The History of Bankruptcy Laws
Gary D. Hammond and Jeffrey E. Tate, THE JOURNAL RECORD
Although bankruptcy is not new to our country, six of this nation's largest bankruptcies have been filed since December 2001. In addition, for the one-year period ending June 30, there were 1.5 million bankruptcy filings, 97 percent of which were individuals.
Because of the recent focus on bankruptcy filings, this article will give a historical background on bankruptcy.
The term "bankruptcy" comes from two sources. One source is the Italian phrase "banca rotta," meaning "broken bench." In medieval Italy, when a merchant did not pay his debts, the merchant's creditors would break his trading bench, oftentimes over his head. The other source is the French word "banqueroute." Banqueroute signified debtors being on the "route" or the lam, a fugitive from creditors, often living well off their ill-gotten gains.
Modern bankruptcy law is directly traceable to ancient Roman law. Creditors were allowed to attach a debtor's person and property under these laws. In fact, creditors could sell the debtor and his family into slavery to satisfy debts because the law considered the debtor's body as part of the bankrupt's estate.
Modified Roman bankruptcy law was utilized in medieval France and Italy, and was first adopted by England in 1542. These bankruptcy laws were not intended to give relief to debtors, but to give creditors remedies (other than imprisonment) against debtors who did not pay their bills. A bankrupt individual was also subject to criminal punishment ranging from debtors' prison to the death penalty.
Over the next 100 years, Parliament's few changes to the bankruptcy laws sought primarily to increase the bankrupt's assets that creditors could seize and to increase penalties for noncompliance. One of the changes in 1604 even permitted the debtor's ear to be cut off.
In 1705, England introduced the concept of a discharge of debts. The discharge rewarded honest debtors who appeared for court and who revealed property instead of fleeing. A debtor could only receive a discharge if 80 percent of the creditors approved it. Furthermore, early bankruptcy laws were only for "merchants" and could only be initiated by the merchant's creditors.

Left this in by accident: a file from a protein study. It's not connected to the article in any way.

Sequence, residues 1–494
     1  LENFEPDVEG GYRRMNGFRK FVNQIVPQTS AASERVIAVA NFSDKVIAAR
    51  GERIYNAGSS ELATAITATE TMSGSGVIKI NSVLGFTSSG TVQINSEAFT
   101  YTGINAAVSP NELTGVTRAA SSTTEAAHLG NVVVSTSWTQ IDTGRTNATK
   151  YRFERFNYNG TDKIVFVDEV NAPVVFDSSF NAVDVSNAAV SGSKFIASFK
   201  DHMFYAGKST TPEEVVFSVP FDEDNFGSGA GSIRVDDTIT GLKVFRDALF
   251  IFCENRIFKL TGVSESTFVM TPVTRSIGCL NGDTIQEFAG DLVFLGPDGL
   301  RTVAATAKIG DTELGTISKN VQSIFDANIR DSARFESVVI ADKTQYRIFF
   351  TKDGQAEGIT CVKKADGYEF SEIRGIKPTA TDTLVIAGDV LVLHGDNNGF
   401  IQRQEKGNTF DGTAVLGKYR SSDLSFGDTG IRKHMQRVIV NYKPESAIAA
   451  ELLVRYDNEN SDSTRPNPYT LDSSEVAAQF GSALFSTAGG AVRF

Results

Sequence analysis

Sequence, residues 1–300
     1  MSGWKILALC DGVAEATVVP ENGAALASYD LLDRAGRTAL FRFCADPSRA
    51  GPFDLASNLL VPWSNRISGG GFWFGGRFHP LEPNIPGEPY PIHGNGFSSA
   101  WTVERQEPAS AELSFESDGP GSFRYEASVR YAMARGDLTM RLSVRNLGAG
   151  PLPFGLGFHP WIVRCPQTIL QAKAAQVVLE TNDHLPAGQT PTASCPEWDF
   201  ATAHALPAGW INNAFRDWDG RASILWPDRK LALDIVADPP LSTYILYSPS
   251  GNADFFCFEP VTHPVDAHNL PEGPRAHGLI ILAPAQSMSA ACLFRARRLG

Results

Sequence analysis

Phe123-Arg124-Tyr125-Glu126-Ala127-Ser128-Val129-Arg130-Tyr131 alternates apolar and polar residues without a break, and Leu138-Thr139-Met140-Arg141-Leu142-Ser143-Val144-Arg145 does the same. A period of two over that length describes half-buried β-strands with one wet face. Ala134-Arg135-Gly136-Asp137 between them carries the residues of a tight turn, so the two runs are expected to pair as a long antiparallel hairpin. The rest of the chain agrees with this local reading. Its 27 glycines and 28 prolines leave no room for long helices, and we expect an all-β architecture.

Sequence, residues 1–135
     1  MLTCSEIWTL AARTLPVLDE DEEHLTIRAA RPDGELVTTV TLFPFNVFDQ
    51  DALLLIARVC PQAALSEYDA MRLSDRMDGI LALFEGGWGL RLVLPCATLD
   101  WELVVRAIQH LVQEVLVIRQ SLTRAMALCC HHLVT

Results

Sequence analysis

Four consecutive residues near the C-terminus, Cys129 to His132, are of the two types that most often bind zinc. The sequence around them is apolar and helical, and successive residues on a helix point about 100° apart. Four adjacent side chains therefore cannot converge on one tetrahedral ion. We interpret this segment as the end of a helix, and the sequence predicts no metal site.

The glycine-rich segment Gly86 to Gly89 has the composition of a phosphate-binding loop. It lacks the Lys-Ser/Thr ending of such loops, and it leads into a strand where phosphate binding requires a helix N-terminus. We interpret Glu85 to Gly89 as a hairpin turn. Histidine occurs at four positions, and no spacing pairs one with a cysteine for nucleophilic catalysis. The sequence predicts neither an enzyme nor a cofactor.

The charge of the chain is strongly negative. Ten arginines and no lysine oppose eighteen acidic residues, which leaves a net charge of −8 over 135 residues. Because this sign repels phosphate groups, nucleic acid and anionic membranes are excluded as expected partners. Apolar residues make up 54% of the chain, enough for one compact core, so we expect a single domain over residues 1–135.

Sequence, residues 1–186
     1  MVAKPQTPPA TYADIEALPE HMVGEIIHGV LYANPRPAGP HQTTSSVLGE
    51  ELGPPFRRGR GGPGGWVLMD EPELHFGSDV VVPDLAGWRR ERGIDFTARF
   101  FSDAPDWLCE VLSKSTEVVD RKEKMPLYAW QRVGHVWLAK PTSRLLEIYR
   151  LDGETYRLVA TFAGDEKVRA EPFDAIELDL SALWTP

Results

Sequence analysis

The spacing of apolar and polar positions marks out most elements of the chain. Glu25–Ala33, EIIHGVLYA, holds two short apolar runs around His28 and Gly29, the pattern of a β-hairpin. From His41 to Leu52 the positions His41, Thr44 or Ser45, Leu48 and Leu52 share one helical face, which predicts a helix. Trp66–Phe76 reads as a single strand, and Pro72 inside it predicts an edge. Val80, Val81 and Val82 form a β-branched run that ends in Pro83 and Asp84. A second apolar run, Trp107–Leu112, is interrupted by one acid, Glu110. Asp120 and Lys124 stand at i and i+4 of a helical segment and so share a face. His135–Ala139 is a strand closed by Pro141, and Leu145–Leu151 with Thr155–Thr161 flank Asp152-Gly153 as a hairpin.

In 1785, Colonial Pennsylvania enacted a bankruptcy law borrowed from English custom. The law included standing the bankrupt in a public place for two hours with an ear nailed to a pillory before cutting off the ear. The "earmark" forever marked the debtor as an unreputable person with whom to contract. Colonial New York branded its bankrupts on the palm with a "T" for thief.
Later, Article I, Section 8 of the U.S. Constitution conferred the power to establish uniform bankruptcy laws to the Federal government. America's first bankruptcy act was passed in 1800 and was similar to the 1705 British law, excluding the death penalty. Congress passed the 1800 act after a speculative panic in land and government debt, and repealed it just three years later because of excessive debtor fraud.
America's next bankruptcy laws were enacted in 1841, following the Panic of 1837, which was the most severe depression in American history to that date. The 1841 act allowed debtors, including non- merchants to file a voluntary bankruptcy. Because of the unprecedented number of bankruptcies filed after the passage of the 1841 act, Congress repealed it only thirteen months later.
America enacted bankruptcy laws again in 1867 to absorb the bad debts from the Civil War. Under the 1867 act debtors were required to take an oath of allegiance to the United States. The 1867 act first allowed states to set their own property exemptions, a practice still used today. The 1867 act allowed both merchant and non-merchant debtors to file bankruptcy, and permitted both voluntary and involuntary cases. Also, the 1867 act was the first to include some bankruptcy protection for corporations. Congress repealed this act in 1878 amidst widespread fraud and during a general economic rebound. …